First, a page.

Mike Musialowski

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since Mar 02, 2016
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Grew up in NYC with Polish parents. Double master degrees and 10 years teaching HS science and math sent me running to escape to rural NM and a 1 acre dream spread of self-designed house/orchard/garden and lucky do it with a wife and new baby!
Taos, New Mexico at 7000 ft. - Zone 5
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Recent posts by Mike Musialowski

I think this is a great research question! Sorry, I'm a scientist by training and think this way. I love the idea of trying to synergize methods... very permie-ish, like stacking functions.

I'd look at how each system works separately and then see if they're likely to synergize or compete:

- Pit works by utilizing the relatively stable temperature of the earth
- Geothermal greenhouses work by circulating ever colder nighttime air and putting it into contact with relatively warm, say 50 degree F, earth a minimum of 8' below the ground.
- Climate battery (I spent 2 days a CRMPI with Jerome Osentkowski and saw them work magnificently) has a dual method of working: 1) daytime warm air in the greenhouse is put into contact with cooler soil by circulating it through perforated pipes buried in the soil. Intake is up high where air is warm, return is down low so cooled air (after soil has sucked away some of that heat) can be re-heated. 2) The soil must be damp... water has three times the "heat capacity" of concrete and is superb at storing heat in the soil itself. This is even more ridiculously multifunctional because warmth is delivered directly to the roots!

So... I think the first two of these strategies reinforce eachother... they're using the same approach.

But I worry that mixing the climate battery with geothermal might compete. My logic is all about temps. Somebody already mentioned that heat transfer is proportional to temperature difference. During the daytime, the climate battery and geothermal accomplish the same; they actually cool the air down to prevent crispy leaves. But what happens at night? The climate battery fan continues to run, trying to use heat stored in the soil to warm up the air. I've not done enough research to know what the output temp is at night. But, if you take that heat out of the soil and send it down into the ground which may be colder, at least in the earlier part of the night, that may leave the heat ... in the ground? I suppose if the climate battery outgoing temp is colder than the geothermal air, then at least you'll experience less warming from the earth and the latent heat in the dirt surrounding those deep buried will last longer. The bottom line is that this tries to mix warmed air with warmed air.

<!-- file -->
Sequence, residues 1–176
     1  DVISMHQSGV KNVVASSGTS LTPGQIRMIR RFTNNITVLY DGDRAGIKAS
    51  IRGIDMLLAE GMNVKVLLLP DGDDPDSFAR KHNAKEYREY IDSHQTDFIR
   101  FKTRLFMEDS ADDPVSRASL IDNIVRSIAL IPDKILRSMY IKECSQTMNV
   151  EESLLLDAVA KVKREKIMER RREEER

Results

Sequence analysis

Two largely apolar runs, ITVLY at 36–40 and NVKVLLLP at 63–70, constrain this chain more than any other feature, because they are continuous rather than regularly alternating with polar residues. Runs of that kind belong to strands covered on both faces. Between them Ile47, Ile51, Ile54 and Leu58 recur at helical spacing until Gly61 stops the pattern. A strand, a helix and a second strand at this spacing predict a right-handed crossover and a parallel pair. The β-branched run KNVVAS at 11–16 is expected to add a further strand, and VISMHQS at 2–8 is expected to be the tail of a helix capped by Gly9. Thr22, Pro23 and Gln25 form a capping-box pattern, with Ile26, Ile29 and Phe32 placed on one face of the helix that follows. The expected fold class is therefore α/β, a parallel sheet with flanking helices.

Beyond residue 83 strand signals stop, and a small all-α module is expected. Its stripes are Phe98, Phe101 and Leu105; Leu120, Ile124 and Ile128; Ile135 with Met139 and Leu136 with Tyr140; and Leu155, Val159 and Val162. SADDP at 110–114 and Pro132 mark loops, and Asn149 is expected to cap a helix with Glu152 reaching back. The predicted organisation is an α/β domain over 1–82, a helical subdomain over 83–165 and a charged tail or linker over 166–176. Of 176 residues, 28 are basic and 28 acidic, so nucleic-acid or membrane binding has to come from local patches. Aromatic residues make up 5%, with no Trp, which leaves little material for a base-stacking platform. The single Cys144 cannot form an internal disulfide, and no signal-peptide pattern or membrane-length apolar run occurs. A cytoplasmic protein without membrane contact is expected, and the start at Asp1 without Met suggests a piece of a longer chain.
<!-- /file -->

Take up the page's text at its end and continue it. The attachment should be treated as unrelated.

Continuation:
I suppose you could just try! And... from an engineering perspective, isn't sometimes simpler more elegant and effective? I think you'd get more bang from your buck by choosing either the climate battery or the geothermal. Both of these systems require separate operating fans driven by electricity. Both require significant labor to install. The geothermal requires either endless hand digging (8 feet down!) or heavy equipment. I had a fantasy at one point about digging a 4 foot pit and digging 4 feet more with a "ditchwitch" to get the 8 feet. But I think that pipe needs to snake around and be long. I have irrigation issues that preclude this, but it might work for you.

I'll leave you with a personal note: I am a workaholic, and I tend to overbuild. Jeez it's exhausting! How nice it would be to put in effort, get decent if not stellar results, and not go crazy. Some refer to this as the "Law of Diminishing Returns".

You can always ask Jerome and his architect partner Michael Thompson. They're at ecosystems-design.com. Good luck and thanks for sharing your question and vision!
1 year ago

Kyle Neath wrote:I have found starting most perennials from seed to be very difficult, but I'm not sure that has much to do with the seeds or genetics. It's more than I'm new to seeds that require stratification / scarification, and it's a good bit of a learning curve to figure out a successful strategy. To me a lot of this comes down to the path of least resistance and the timeliness required. For example, last year I spent an incredible amount of time researching the plant's needs, collecting hundreds elderberry seeds, cleaning out the fruit, scarifying them with sulfuric acid, cold stratifying them, then trying to start them. None of them sprouted. This year I spent about 5 minutes taking cuttings in the fall, and all but one of them have buds opening up now. I haven't given up on starting some from seed, but it's clearly a no-brainer for me at this point to use cuttings to get more elderberries.

Out of your list, there's a few that I wouldn't hesitate to buy root cuttings / crowns for. Comfrey, Asparagus, Onions, Sunchokes, Horseradish, and Strawberry. If you can't afford to buy the number you need right now, plant the ones you can afford and split them up next year. It's all very possible to start these from seeds, but the return on effort is going to be through the roof with cuttings.